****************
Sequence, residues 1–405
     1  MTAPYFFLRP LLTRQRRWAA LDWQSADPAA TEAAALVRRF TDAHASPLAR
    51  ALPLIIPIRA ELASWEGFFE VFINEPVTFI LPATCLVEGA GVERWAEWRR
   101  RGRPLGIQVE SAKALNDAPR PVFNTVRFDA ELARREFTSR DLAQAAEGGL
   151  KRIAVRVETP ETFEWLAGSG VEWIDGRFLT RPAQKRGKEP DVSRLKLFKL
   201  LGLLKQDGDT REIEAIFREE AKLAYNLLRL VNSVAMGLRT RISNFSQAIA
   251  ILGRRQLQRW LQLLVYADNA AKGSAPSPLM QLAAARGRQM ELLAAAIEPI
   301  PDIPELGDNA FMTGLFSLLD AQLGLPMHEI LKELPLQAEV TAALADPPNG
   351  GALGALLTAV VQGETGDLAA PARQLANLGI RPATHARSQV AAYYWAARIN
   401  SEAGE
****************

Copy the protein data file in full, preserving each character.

Sequence, residues 1–405
     1  MTAPYFFLRP LLTRQRRWAA LDWQSADPAA TEAAALVRRF TDAHASPLAR
    51  ALPLIIPIRA ELASWEGFFE VFINEPVTFI LPATCLVEGA GVERWAEWRR
   101  RGRPLGIQVE SAKALNDAPR PVFNTVRFDA ELARREFTSR DLAQAAEGGL
   151  KRIAVRVETP ETFEWLAGSG VEWIDGRFLT RPAQKRGKEP DVSRLKLFKL
   201  LGLLKQDGDT REIEAIFREE AKLAYNLLRL VNSVAMGLRT RISNFSQAIA
   251  ILGRRQLQRW LQLLVYADNA AKGSAPSPLM QLAAARGRQM ELLAAAIEPI
   301  PDIPELGDNA FMTGLFSLLD AQLGLPMHEI LKELPLQAEV TAALADPPNG
   351  GALGALLTAV VQGETGDLAA PARQLANLGI RPATHARSQV AAYYWAARIN
   401  SEAGE